Cosmo Jarvis was a bit of an unassuming character as he took to the stage at The Talking Heads on Tuesday night. Dressed in chinos and a plain jumper he looked more like a member of the audience than a musician and perhaps that’s why before he even started, he seemed relatable meaning the crowd warmed to him.
Unlike previous tours, Jarvis had set himself up with an entire band – bringing a new dimension to his live shows, which works far better. ‘Love This’, a personal favourite of mine, was turned from a softer pop to a full out torrent which showcased Jarvis’ musical talent at its very best. The setlist was composed mainly of material from his two most recent albums; highlighting how much he’s grown musically in the short period of time.
Overall in the setlist, there was a little something for everyone from the folk with the thrash rock breakdown of ‘Sunshine’ and the infectious summertime pop of ‘She Doesn’t Mind’. Each genre touched upon was executed with a level of precision and originality that was quite astounding to see it all come from one individual; ensuring no two songs sound alike.
Unfortunately though, throughout the set Cosmo Jarvis looked slightly unsure of himself. There was no crowd interaction nor was there much depth added to his stage persona. This is, no doubt, due to what he has experienced previously – and he obviously he has now come to rely on his music to do the talking. It was a shame really, because with a little more engagement, his performance would be elevated to a truly impressive level.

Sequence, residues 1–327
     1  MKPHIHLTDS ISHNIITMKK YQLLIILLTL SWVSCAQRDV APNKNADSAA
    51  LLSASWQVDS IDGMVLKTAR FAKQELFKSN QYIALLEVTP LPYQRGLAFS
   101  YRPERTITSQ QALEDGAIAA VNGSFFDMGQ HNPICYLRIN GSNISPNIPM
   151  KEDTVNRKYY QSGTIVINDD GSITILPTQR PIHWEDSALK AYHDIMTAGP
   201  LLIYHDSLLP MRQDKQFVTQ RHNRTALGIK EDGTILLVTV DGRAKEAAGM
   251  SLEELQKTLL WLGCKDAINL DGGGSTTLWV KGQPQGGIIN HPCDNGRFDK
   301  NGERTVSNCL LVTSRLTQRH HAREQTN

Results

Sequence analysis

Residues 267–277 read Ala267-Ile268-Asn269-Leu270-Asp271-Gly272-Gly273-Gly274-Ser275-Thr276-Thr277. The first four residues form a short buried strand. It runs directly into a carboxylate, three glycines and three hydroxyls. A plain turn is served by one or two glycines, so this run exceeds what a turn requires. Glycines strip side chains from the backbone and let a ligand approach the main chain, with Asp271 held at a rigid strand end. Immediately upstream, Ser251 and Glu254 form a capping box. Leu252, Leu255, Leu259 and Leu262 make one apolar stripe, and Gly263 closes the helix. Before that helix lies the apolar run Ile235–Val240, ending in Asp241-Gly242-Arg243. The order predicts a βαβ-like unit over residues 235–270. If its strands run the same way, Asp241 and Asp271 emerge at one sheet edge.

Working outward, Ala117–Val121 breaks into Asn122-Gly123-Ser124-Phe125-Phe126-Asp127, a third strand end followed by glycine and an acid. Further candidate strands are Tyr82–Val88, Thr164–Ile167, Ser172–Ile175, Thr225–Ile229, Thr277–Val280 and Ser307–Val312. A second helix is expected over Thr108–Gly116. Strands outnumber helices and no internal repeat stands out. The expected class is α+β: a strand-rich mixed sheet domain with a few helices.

Inevitably the set closed with Jarvis’ more well-known song ‘Gay Pirates’ which has been previous endorsed by Stephen Fry, no less. Although at first blighted by ‘technical difficulties’ with the mandolin (actually caused by Cosmo setting it up incorrectly which, he defended himself later, was because ‘he was only borrowing it’); it sparked an enthused sing-a-long from the crowd. And certainly was a great closer to a solid, enjoyable set.
Cosmo Jarvis put on an impressive show full of different dynamics. Channelling the Ed Sheeran wave of singer-songwriters, he showed himself to be far wittier and less afraid of sticking to conventions than his counterparts. It’s something you don’t realise you’ve been missing out on until you see it for yourself.